The Fury of FirestormThe Fury of Firestorm, Ethan Van Sciver, Gail Simone, and Yidiray Cinar – I’m picking up Firestorm for one reason, and one reason alone: Gail Simone. I will give anything Gail Simone writes a chance. It doesn’t mean I will keep reading it, but I will definitely give it a fair shot. I actually used to regularly read Firestorm’s title in the 80’s (or was it 90’s?) I loved Pat Broderick’s art, and the concept of a fused being, especially one involving two such disparate characters (high school jock and brilliant scientist) was pretty fun. Well the brilliant scientist is dead, and the second half of this fused being is a brilliant high school student who happens to be African-American, which leads in this new version of Firestorm, to some well-written explorations on race. I tend to prefer Gail’s team books to her solo books (actually I tend to prefer team books to solo books in general) but I have faith that she will build a fascinating supporting cast. This first issue was entertaining and kept my interest, but hasn’t yet drawn me in and made me want to find out more about the characters. Hopefully that will emerge in the next couple of issues. 3 stars.

SupergirlSupergirl, Michael Green, Mike Johnson, and Mahmud Asrar – I haven’t read Supergirl in several years; not since her skirt got really short after Peter David left the title. I want to like Supergirl because I really want to support as many books as I can that feature super-heroines. What better time to give it another try than this new relaunch. Honestly, I wasn’t expecting much given the solicits and the apparent story direction they were describing, but the first issue was intriguing enough to keep me reading. Not a lot happens in issues #1, other than give us pieces of Supergirl’s personality, and show us the range of her powers. And it sets her up for her first meeting/confrontation with her cousin (at least in the old continuity) Superman. The high cut of her shorts did distract me a little… especially since in some profile shots it looks like that she’s naked from the waist down, but other than that, I didn’t find the book to be all that sexist. 3 stars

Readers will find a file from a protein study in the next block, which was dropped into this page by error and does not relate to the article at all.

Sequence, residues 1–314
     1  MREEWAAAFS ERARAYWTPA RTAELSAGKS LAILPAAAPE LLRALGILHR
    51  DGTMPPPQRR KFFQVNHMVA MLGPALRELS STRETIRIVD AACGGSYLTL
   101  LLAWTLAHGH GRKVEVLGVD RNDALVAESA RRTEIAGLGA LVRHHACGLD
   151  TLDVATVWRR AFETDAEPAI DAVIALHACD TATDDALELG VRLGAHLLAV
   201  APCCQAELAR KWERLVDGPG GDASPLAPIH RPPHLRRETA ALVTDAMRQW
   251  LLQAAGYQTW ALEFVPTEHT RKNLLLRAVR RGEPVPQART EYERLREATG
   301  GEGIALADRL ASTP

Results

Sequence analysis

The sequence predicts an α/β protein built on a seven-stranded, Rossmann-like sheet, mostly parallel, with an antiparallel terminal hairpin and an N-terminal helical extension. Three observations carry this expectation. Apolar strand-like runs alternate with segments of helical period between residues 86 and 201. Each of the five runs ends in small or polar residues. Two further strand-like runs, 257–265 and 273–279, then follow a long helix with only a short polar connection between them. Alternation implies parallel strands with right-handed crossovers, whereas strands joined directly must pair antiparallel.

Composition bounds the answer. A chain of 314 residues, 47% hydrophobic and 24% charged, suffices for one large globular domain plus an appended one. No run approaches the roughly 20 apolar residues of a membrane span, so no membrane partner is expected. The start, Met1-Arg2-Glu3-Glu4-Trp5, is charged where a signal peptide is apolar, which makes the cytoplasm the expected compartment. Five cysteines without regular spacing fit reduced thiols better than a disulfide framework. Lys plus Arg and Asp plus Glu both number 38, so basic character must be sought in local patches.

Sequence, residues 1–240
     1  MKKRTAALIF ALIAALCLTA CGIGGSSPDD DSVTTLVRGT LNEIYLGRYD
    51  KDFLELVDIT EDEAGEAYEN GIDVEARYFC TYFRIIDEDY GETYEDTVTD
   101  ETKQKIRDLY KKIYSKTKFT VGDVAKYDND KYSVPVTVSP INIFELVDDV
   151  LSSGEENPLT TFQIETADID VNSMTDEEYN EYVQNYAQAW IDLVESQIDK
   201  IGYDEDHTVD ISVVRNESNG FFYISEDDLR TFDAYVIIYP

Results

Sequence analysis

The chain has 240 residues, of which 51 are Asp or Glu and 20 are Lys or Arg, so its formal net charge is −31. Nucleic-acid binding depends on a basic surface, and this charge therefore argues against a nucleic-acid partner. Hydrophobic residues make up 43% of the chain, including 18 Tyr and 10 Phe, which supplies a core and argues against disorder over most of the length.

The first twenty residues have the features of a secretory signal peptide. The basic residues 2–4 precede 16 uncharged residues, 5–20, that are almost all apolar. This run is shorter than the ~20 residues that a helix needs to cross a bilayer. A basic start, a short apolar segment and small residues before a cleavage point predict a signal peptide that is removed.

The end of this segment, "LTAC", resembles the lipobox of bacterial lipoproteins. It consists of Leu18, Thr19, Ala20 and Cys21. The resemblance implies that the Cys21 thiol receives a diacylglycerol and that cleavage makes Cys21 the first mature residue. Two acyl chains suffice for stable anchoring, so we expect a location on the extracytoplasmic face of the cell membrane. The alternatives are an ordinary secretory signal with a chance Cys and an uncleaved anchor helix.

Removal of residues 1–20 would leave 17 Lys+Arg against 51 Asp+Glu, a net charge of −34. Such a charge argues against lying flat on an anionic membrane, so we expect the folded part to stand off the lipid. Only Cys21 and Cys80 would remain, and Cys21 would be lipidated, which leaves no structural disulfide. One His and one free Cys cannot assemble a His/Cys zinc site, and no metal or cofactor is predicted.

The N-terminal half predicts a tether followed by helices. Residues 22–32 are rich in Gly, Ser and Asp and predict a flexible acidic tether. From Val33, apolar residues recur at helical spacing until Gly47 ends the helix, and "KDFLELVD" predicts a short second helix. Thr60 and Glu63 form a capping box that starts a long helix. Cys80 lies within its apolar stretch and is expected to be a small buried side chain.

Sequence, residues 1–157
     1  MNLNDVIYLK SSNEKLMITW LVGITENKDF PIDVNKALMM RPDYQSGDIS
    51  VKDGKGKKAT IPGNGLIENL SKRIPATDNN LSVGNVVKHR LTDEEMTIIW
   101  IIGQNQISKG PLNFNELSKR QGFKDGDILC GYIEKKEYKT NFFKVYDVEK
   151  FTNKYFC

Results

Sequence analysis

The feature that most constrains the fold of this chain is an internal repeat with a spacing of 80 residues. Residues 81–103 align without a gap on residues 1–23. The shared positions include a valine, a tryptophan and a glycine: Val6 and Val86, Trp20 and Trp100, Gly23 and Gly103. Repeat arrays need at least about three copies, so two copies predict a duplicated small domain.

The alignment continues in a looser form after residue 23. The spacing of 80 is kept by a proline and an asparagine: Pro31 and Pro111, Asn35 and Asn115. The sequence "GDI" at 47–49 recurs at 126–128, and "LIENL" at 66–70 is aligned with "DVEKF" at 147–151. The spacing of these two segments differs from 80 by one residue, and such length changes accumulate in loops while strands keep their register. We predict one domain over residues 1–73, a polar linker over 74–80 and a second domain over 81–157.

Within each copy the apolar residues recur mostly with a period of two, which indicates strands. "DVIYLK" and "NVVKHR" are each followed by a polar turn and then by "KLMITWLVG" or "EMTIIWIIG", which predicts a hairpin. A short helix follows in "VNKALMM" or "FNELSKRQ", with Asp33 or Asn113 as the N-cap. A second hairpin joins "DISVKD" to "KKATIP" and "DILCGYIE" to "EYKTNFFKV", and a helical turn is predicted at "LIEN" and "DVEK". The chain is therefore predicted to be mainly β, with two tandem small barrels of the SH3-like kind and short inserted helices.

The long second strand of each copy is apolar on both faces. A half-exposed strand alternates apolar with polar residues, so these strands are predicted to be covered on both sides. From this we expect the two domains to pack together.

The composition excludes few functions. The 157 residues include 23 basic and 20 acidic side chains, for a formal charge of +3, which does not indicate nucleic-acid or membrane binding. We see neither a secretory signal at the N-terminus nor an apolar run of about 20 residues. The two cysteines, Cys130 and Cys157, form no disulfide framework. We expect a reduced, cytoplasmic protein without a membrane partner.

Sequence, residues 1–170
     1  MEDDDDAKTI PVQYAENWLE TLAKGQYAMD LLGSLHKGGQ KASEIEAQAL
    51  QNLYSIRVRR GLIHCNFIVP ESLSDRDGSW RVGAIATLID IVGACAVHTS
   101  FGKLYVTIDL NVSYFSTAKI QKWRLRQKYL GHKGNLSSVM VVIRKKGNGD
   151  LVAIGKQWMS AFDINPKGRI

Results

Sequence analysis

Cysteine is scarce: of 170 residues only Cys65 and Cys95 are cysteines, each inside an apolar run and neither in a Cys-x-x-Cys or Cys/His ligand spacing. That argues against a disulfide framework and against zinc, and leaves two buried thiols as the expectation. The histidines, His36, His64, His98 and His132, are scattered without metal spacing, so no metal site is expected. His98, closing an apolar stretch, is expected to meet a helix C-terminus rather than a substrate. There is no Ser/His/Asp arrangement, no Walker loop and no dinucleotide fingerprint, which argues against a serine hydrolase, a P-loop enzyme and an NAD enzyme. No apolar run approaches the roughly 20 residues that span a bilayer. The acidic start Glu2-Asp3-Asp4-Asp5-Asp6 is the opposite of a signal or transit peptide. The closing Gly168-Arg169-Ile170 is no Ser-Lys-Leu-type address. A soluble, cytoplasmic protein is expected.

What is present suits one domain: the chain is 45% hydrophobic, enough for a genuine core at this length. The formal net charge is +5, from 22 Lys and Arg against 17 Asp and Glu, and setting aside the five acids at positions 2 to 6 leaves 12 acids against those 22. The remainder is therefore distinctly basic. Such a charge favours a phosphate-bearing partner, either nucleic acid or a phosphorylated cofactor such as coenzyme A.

VoodooVoodoo, Ron Marz and Sami Basri – I don’t know much about Voodoo. I read a handful of the WildC.A.T.S. issues when they first came out, but don’t really remember much about the character. I decided to give this series a try to see how it would mesh with the DC Universe, and to support another female led title. Yes, I read that she was a stripper by profession, more opportunity for some barely clad women for the men who like that sort of thing in comics, but at least it was in context. The book held my interest, and intrigued me enough to keep reading. Of the two main supporting character, the man was a dick and got his just desserts, and the woman being set up to be Voodoo’s nemesis could develop into an interesting character. The art is fine, and the story compelling enough to keep me interested enough to see where it will lead. I’m in for now. 3 stars

Green Lantern: New GuardiansGreen Lantern: New Guardians, Tony Bedard and Tyler Kirkham – While never a big Green Lantern fan, Kyle Rayner has always been by far my choice to wear the ring. Surrounding him with a team of lanterns representing the spectrum appeals to me as a fan of team books, especially with a couple of female members. Unfortunately, the first issue is basically a set-up issue, bringing the characters together, and giving Kyle what appears to be a new origin story. While I will miss the Kyle who has already mastered his ring and has an illustrious career of being a Green Lantern behind him, it could be interesting to see his maturation into a Green Lantern starting from ground zero. It’s enough to keep me reading at any rate. 3 stars

DC Universe Presents: DeadmanDC Universe Presents: Deadman, Paul Jenkins and Bernard Chaing – Deadman is an interesting choice of character to kick off this title, which will be a series of rotating storylines featuring different characters (and presumably different creative teams). I suppose given the attention Deadman was given during Brightest Day, and the fact that he appears in Justice League Dark means that DC thinks he’s a character that could succeed. I’ve never been a fan of solo Deadman stories, but Paul Jenkins does a pretty good job drawing me in with this one. We get retold his origin, of course, yet there’s no mention of his experiences in Brightest Day as yet. I think that story, along with his relationship with Dove, made him a more interesting character for me. Bernard Chaing’s artwork is crisp and clean. This title will depend largely on it’s featured character, of course, but the possibilities are endless. 2 1/2 stars